Daily Management Review

Contraction In Brazilian Economy For The First Time Since 2016


Contraction In Brazilian Economy For The First Time Since 2016
A contraction hit the Brazilian economy in the first quarter of the current year which is the first contraction for the economy since its recession in 2016. According to government data, the contraction was of 0.2 per cent in comparison to the last three months of 2018. However the year-on-year growth was 0.5 per cent.  
This contraction comes at a time when the country’s president Jair Bolsonaro is being criticized for his efforts to revive the economy following a recession for two years.
There was a risk of another recession, economists said.
Brazilian economy, which was once considered to have huge growth potential, would go into recession again officially if there is a contraction in the second quarter also. It was just about three years ago that the country had encountered a two year period of recession - in 2015 and 2016, with the economy shrinking by almost 7 per cent.
While accepting that the contraction in the quarter was because of temporary factors, early signals indicate that the second quarter growth has also not been good, said William Jackson, chief emerging markets economist at Capital Economics.
"There is now a real risk that the economy will slip into a technical recession," Jackson said.
Considered to be among the most potential economies and a member of the BRICS economies – which stand for Brazil, Russia, India, China and South Africa, the Brazilian economy was believed to be able to surpass the developed economies in terms of growth by 2050.
While the contraction was in line with expectations it is an early indication of economic performance since Bolsonaro took power in January and appointed businessman Paulo Guedes as "super-minister" of the economy. There was a surge in Brazil's stock market and currency after the election of Jair Bolsonaro, which reflected the confidence of the markets in the government.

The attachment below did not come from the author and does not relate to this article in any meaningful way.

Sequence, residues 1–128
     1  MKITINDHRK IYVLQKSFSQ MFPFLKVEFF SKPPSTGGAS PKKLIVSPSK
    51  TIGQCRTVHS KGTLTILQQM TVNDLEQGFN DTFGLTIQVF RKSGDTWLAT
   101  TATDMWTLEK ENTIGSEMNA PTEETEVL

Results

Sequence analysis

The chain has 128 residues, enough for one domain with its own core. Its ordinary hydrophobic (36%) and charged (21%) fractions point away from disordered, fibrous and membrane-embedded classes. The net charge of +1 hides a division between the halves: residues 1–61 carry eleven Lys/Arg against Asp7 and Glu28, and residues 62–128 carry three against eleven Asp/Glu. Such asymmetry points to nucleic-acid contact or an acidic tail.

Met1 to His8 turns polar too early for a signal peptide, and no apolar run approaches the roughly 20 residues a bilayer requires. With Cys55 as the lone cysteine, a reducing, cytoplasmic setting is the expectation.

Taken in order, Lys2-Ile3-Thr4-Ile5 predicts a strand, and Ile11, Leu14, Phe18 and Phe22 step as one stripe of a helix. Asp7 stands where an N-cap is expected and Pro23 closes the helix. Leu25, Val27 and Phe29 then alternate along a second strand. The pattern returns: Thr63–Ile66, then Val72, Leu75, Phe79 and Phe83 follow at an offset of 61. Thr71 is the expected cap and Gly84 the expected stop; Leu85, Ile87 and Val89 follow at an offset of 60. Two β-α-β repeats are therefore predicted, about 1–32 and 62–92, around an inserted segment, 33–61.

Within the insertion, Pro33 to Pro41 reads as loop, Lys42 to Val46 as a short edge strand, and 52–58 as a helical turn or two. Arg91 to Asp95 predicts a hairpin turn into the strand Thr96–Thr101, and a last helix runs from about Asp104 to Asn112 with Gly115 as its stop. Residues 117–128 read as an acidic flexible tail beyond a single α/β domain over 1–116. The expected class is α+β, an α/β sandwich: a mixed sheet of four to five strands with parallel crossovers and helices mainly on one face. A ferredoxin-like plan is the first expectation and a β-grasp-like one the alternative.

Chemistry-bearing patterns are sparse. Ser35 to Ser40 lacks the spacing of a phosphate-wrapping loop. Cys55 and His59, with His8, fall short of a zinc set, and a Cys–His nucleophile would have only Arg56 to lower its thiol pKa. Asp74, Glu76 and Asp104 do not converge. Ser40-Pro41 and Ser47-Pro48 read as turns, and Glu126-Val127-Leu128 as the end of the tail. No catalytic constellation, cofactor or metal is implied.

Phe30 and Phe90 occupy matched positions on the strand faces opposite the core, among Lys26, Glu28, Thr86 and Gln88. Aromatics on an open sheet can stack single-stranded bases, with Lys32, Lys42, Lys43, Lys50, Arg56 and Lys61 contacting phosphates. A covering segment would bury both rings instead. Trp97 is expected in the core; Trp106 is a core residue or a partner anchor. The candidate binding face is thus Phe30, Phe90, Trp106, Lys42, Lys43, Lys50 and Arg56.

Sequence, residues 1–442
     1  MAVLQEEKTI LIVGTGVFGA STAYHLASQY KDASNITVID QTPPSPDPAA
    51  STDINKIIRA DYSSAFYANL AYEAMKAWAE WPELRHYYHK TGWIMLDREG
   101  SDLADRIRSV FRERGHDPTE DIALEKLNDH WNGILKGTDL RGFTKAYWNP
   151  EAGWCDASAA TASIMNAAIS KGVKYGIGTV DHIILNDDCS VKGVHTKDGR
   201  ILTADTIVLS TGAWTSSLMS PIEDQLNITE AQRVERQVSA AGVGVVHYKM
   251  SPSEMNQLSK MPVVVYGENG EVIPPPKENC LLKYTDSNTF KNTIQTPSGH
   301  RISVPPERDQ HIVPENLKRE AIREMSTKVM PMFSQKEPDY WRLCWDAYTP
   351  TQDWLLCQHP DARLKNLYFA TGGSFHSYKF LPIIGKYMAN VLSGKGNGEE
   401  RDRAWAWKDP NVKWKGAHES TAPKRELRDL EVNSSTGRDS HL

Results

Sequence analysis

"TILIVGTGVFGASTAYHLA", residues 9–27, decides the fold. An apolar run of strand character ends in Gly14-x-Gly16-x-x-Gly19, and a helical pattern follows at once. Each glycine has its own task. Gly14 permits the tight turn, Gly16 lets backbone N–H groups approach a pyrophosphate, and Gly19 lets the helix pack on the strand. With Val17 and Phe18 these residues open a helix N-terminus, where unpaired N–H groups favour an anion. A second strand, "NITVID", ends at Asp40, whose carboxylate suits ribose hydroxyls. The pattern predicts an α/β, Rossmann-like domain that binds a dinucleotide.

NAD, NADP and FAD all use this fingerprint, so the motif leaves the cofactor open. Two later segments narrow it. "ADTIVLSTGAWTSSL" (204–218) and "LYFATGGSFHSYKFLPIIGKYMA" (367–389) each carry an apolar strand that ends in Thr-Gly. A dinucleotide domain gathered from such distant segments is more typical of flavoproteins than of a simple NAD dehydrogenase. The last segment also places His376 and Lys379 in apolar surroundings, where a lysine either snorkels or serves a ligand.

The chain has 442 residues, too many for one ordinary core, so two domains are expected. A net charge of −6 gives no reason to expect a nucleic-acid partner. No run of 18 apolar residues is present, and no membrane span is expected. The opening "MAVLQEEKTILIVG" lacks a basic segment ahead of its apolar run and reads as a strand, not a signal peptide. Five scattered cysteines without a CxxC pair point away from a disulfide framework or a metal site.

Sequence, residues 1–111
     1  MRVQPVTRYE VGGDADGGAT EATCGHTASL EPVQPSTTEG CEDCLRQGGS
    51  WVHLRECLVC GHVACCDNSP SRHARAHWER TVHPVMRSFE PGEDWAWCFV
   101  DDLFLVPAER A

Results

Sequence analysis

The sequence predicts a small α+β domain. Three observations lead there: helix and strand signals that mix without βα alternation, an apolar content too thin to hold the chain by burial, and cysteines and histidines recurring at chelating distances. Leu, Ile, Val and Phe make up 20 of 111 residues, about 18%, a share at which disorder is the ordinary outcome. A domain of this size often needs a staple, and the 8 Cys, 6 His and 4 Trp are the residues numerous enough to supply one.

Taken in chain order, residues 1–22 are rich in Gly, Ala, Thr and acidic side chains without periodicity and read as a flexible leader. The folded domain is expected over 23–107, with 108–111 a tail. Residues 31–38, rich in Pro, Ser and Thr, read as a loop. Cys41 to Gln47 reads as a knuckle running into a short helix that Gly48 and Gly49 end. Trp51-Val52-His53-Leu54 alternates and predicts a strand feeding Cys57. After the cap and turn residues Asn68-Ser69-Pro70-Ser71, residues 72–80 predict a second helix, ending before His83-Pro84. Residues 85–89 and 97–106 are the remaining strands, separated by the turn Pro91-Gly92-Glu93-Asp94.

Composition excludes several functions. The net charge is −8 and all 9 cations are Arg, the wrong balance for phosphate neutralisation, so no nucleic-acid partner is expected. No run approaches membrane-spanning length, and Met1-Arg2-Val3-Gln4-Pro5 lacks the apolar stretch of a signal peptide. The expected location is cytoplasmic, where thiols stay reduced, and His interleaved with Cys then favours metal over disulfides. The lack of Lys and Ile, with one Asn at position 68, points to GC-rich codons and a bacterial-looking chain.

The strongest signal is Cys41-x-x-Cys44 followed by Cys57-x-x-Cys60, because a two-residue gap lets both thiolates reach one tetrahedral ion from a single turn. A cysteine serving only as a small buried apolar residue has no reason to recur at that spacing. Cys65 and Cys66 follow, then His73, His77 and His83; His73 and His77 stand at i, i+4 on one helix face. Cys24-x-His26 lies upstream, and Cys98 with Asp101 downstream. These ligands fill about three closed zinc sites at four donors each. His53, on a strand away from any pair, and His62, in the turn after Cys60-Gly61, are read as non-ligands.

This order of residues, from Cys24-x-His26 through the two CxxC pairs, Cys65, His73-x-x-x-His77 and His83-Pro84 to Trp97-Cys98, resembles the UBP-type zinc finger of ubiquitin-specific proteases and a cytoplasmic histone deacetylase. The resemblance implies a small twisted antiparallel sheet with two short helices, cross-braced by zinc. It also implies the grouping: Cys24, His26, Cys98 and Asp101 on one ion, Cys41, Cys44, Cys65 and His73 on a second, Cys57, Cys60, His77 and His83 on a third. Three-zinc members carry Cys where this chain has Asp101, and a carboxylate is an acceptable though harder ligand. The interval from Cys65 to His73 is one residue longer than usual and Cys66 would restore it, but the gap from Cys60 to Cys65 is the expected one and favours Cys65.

The economy minister of the government, businessman Paulo Guedes, was given a free hand to bring in economic reforms. However currently there are high levels of disappointment about the ability capacity of the government to manage the country’s economy.
It would not be before next year that any noteworthy signs of economic growth in Brazil would become visible, believe the market experts.
A fall in investment and decline industrial and agricultural output was noted in the first three months of the year. Jackson said that a 1.9 per cent drop in exports was also repoted partly because of reduced metal exports.  
"This appears to be due to cuts in iron ore output following the Brumadinho dam tragedy," he said.
The breaking down of the embankment railings dam in Brumadinho broke caused the death of hundreds which turned out to the worst mining disaster in Brazil. The owner of the mine is Vale, which is the biggest producer of iron ore in the world.
According to Jackson, this sudden drop in the production of iron ore would only have a temporary impact on the Brazilian economy and he anticipates hat there would be growth in the second quarter.